In the News

Dealing with the Legacy of Sexual Violence in Bosnia

13 December 2010
Author: UNFPA

The war in Bosnia was the first time the United Nations had been faced with mass rape as a weapon of war. Fifteen years after the Dayton Accords peace agreement, Sophie Arie talks to doctors in Sarajevo and discovers a culture of denial

In the summer of 1992, Sreko Simic, one of Bosnia’s leading gynaecologists, worked without electricity, anaesthetics, or oxygen and with only a skeleton staff, to keep delivering babies at Sarajevo’s University Hospital while the city was under siege.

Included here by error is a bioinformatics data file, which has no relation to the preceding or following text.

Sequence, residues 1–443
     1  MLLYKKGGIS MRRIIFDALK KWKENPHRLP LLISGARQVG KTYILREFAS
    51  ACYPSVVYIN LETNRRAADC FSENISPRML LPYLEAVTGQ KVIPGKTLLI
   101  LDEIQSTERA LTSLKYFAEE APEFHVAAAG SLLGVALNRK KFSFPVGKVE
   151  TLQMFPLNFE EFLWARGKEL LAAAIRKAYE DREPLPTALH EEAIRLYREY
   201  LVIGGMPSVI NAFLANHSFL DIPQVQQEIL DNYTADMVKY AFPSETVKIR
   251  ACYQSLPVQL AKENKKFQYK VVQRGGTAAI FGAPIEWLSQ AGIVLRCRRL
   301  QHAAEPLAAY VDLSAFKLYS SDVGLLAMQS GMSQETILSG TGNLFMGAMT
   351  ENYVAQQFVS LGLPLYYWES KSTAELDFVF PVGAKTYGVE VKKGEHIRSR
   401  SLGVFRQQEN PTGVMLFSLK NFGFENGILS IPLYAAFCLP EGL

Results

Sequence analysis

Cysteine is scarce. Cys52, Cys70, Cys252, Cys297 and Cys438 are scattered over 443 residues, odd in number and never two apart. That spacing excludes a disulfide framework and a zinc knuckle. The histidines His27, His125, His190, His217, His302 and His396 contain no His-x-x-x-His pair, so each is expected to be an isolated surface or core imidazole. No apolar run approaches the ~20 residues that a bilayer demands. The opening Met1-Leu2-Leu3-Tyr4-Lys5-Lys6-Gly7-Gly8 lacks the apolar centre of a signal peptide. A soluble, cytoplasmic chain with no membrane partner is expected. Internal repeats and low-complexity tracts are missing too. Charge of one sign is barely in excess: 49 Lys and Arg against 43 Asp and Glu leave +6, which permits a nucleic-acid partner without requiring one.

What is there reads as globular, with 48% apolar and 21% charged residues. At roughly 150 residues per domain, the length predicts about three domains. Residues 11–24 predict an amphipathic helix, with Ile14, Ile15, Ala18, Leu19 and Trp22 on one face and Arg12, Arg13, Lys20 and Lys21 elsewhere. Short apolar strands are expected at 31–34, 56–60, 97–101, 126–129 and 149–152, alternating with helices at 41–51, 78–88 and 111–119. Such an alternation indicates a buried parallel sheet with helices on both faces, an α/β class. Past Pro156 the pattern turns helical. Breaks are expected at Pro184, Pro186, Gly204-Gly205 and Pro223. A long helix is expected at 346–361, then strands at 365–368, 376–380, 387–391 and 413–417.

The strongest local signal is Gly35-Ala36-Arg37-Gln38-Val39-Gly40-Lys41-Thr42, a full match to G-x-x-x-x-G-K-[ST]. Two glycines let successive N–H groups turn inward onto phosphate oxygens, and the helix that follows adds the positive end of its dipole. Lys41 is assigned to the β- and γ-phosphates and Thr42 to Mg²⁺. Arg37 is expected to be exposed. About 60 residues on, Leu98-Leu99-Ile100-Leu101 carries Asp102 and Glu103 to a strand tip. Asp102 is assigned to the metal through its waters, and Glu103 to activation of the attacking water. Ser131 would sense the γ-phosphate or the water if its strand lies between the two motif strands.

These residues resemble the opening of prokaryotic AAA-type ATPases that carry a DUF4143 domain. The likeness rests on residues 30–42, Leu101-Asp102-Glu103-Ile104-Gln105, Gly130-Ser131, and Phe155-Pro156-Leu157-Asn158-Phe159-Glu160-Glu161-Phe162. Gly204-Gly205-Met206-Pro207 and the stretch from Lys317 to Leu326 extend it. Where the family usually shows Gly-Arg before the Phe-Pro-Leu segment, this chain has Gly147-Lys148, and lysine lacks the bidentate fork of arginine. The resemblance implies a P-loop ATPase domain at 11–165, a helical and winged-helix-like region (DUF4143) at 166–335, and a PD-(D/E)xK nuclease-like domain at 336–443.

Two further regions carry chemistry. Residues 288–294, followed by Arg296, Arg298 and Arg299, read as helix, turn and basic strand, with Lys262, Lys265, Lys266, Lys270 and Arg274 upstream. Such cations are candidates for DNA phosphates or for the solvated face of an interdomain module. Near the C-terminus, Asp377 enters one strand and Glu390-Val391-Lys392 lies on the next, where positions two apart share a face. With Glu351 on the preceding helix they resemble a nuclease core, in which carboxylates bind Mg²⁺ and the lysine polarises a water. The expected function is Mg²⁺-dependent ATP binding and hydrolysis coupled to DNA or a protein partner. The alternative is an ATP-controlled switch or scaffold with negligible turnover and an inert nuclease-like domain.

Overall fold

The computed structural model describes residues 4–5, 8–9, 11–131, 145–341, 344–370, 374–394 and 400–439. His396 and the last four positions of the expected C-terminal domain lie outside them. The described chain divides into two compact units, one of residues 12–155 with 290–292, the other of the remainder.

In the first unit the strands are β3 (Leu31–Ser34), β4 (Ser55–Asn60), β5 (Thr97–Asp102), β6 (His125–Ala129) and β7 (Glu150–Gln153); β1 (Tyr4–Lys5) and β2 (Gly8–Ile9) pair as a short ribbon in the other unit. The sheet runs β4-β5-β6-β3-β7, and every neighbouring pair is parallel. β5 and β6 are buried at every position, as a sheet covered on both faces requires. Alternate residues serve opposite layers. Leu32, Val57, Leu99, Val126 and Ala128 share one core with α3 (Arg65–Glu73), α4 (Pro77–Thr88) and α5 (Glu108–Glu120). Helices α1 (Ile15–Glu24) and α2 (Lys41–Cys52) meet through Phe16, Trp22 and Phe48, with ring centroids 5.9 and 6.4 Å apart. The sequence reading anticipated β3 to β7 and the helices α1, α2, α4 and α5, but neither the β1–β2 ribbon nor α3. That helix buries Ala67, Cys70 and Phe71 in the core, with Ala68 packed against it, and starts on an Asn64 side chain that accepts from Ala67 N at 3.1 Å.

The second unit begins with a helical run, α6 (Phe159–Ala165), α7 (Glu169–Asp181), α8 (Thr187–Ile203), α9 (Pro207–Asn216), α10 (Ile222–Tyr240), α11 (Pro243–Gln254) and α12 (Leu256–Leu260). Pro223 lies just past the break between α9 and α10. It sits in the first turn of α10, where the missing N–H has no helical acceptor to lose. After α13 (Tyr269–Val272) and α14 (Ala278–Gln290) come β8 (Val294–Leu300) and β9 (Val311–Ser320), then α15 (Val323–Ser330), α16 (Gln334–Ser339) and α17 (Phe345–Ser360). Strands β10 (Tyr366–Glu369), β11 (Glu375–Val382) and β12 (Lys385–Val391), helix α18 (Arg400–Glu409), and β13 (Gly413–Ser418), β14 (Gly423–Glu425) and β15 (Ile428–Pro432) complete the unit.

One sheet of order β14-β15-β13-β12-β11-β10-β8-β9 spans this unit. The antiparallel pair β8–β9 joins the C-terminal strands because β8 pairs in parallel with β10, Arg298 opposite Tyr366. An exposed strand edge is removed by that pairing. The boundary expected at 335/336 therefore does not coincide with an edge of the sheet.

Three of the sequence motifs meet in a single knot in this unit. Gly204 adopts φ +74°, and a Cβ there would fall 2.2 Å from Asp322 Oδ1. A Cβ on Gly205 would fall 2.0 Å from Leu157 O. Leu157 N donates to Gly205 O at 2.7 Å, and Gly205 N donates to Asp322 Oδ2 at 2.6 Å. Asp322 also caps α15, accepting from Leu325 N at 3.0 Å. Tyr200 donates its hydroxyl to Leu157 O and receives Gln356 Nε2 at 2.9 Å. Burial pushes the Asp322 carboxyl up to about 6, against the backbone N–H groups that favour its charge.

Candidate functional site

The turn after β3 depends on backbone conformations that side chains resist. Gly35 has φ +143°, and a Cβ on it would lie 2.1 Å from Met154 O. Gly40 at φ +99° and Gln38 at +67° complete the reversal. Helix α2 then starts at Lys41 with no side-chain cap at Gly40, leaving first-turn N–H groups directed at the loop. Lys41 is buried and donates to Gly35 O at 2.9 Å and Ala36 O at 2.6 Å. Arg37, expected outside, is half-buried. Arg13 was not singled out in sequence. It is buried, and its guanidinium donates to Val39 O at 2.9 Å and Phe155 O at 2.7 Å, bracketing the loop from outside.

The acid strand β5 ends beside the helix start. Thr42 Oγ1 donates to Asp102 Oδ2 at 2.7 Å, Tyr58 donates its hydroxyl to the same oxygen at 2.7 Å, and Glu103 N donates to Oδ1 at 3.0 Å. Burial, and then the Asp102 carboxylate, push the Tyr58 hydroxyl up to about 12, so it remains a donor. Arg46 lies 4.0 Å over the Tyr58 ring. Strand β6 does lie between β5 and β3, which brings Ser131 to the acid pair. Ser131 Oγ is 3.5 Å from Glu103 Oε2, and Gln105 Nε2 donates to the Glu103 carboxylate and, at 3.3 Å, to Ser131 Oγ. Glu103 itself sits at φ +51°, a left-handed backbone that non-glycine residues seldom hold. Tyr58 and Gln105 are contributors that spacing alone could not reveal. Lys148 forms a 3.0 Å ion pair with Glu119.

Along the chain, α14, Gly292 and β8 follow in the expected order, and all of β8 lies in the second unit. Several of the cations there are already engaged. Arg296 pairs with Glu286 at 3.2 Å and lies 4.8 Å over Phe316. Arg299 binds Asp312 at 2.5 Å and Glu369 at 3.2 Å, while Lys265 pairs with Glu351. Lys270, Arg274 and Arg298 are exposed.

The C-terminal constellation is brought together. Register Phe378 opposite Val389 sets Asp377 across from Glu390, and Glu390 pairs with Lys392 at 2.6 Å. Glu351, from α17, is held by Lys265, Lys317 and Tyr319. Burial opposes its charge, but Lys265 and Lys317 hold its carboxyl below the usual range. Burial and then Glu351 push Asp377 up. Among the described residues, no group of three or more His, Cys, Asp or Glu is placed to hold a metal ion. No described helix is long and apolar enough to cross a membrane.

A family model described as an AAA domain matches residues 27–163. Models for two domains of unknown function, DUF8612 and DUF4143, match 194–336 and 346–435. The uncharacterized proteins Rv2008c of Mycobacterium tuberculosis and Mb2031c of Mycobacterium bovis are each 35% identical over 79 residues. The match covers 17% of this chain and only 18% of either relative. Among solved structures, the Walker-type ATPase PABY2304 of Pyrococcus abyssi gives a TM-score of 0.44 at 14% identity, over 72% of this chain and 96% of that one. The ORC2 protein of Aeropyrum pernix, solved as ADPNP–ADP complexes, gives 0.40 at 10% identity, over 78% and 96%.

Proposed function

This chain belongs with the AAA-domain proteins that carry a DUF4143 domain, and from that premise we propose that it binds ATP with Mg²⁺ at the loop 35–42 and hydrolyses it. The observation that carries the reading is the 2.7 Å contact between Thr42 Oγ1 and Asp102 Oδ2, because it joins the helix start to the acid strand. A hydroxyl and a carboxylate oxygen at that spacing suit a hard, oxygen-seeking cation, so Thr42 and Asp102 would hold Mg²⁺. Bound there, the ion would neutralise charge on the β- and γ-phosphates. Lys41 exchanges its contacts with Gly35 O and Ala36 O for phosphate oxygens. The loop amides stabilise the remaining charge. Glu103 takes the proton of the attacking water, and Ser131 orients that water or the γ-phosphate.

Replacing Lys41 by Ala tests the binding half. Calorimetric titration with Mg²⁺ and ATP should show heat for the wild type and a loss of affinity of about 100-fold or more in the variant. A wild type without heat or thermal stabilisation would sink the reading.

The number of pregnancies his department dealt with dropped dramatically, and the numbers asking for abortions rose, he recalls. And then in the late summer of 1992, some months after the war began, the women who had been raped started to appear.

“Most of them came alone, at night, so no one would see them,” the 83 year old gynaecologist recalls.

“They were silent and full of shame and hatred. Often we would treat them but they would not speak. Some asked for abortions. Others gave birth and then rejected the child.”

Read the whole story by Sophie Arie in BMJ (British Medical Journal)
The story references the UNFPA State of World Population 2010 report

Bosnia and Herzegovina
Population : 3.5 mil
Fertility rate
Maternal Mortality Ratio
Contraceptives prevalence rate
Population aged 10-24

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